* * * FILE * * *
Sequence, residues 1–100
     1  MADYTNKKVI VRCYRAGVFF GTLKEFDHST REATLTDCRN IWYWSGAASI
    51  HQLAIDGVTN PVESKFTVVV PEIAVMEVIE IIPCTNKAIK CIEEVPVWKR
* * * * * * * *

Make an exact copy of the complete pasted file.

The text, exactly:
Sequence, residues 1–100
     1  MADYTNKKVI VRCYRAGVFF GTLKEFDHST REATLTDCRN IWYWSGAASI
    51  HQLAIDGVTN PVESKFTVVV PEIAVMEVIE IIPCTNKAIK CIEEVPVWKR